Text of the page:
To an extent, Putin telegraphed his intentions in advance. His infamous speech at the Munich Security Conference in 2007 was characterized by U.S. political scientist Andrew Michtas “a declaration of war on the West.” In his article from six months prior to the 2022 invasion, Putin declared Ukraine to be “our historical territory,” thereby negating Ukraine’s internationally recognized borders and a multitude of bilateral and multilateral treaties. The subsequent official annexation voted in Russia’s parliament of four of Ukraine’s oblasts is a logical continuation of Putin’s—and Russia’s—intentions.

The core reason and motivation for Putin and for the Russians in invading and attempting to conquer Ukraine is their emphatic embrace of themselves as an imperial and expansionist power.

The Russian obsession with Russia as a great (meaning large) and powerful (meaning dominating others) country is epitomized in their concept of the “Russian world.” This concept sees Russia as an exceptional nation, one destined to establish a Pax Russica over neighboring countries and beyond.

This mission to enlarge Russia, thereby making it “greater,” is so important to Russians that it borders on religious fanaticism, and at times oversteps this boundary. Thus, it is logical that the Russian Orthodox Church is fully and publicly in support of Putin’s war in Ukraine. Priests regularly bless Russian soldiers and even tanks that are on their way to Ukraine.

Throughout its history Russia has engaged in a relentless expansion, albeit in fits and starts, to become the largest (by land mass) country in the world. For Russians, their greatness is measured not in economic wealth or the population’s welfare, but rather by how big the country is, how many other countries it controls. Russia’s desire to dominate, conquer, and occupy Ukraine persists not merely for historical reasons, but also because of Ukraine’s size and economic potential.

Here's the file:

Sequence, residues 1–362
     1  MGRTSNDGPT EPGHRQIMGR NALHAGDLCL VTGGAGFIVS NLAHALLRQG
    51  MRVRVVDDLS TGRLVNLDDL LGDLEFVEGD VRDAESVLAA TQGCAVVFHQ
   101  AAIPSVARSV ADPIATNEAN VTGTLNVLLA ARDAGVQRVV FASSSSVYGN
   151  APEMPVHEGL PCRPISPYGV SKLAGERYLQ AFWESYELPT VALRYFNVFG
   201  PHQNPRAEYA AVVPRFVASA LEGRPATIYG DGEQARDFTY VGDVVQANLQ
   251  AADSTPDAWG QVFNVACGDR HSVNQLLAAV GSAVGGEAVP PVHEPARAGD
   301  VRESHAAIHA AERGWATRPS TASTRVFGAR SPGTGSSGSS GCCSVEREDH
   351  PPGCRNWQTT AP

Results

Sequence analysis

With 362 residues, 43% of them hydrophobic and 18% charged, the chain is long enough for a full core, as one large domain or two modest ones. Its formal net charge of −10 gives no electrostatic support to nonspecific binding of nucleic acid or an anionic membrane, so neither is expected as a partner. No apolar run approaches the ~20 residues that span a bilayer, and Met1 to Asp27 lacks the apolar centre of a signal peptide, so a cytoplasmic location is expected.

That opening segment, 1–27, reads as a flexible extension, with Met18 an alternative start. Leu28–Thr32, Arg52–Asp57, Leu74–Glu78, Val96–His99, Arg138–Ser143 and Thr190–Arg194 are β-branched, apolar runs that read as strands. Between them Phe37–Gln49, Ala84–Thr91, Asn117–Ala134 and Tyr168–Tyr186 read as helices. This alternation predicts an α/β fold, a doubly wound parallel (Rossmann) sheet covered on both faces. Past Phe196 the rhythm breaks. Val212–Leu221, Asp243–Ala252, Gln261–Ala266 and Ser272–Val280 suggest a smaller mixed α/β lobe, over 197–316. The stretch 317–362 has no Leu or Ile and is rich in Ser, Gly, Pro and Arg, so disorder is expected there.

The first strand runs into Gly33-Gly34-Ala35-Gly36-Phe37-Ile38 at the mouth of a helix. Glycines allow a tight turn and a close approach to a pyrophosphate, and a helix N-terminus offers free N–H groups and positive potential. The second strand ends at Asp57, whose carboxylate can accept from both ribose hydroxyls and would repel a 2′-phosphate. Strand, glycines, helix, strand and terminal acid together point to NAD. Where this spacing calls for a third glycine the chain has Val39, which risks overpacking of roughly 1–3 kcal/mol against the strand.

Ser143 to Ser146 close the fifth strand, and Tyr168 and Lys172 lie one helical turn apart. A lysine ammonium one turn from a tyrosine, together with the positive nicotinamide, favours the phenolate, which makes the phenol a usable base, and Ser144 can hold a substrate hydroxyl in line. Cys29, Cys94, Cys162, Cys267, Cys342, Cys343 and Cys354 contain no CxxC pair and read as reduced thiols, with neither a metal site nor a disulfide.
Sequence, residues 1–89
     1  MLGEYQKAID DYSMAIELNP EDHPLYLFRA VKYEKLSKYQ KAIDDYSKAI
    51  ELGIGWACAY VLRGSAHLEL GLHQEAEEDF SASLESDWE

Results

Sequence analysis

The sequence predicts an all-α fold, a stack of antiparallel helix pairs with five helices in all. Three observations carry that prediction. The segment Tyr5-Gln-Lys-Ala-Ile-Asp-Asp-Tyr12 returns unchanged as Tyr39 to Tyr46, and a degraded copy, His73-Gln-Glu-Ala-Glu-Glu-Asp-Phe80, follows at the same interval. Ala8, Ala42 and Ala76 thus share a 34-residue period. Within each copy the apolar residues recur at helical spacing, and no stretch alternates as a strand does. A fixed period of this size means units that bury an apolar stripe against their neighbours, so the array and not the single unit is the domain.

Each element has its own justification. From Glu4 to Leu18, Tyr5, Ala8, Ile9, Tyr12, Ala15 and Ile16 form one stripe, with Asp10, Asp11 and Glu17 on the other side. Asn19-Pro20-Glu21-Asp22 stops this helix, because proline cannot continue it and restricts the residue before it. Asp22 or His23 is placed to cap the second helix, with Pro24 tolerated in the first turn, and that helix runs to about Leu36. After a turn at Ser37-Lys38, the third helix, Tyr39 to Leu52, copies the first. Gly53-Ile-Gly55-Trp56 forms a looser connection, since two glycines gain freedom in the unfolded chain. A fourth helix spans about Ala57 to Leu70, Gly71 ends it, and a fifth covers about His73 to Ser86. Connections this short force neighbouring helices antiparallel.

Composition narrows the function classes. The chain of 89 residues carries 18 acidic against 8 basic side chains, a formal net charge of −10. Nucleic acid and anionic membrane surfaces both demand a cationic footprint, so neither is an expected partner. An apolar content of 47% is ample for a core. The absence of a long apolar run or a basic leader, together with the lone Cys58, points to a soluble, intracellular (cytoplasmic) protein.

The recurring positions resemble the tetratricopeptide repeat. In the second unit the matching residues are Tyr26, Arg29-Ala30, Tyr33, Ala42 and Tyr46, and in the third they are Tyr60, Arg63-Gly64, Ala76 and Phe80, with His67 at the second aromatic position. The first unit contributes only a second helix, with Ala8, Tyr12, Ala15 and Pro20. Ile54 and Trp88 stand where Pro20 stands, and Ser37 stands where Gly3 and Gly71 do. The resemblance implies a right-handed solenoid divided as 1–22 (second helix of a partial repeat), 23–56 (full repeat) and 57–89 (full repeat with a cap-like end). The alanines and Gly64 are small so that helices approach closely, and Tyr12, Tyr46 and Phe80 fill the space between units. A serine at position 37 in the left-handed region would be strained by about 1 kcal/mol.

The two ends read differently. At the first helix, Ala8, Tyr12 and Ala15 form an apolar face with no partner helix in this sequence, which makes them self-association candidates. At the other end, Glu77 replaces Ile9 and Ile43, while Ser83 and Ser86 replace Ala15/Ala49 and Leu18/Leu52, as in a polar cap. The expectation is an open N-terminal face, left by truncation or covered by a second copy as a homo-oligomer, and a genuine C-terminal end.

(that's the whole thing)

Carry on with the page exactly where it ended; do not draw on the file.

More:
Ending the war in Ukraine is not easy, but it is absolutely necessary in order to put a stop to Russia’s insatiable appetite for conquest. If Putin and Russia are not stopped in Ukraine, they will drive forward, wreaking havoc and destruction in their wake.

What the West does is important, even critical, in deciding the fate of the war in Ukraine. Good decisions depend on a correct grasp of many factors, including motivation. This war deserves a more serious look by some Western leaders at what intentions are driving Putin’s war machine forward.

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Read the original article on The New Voice of Ukraine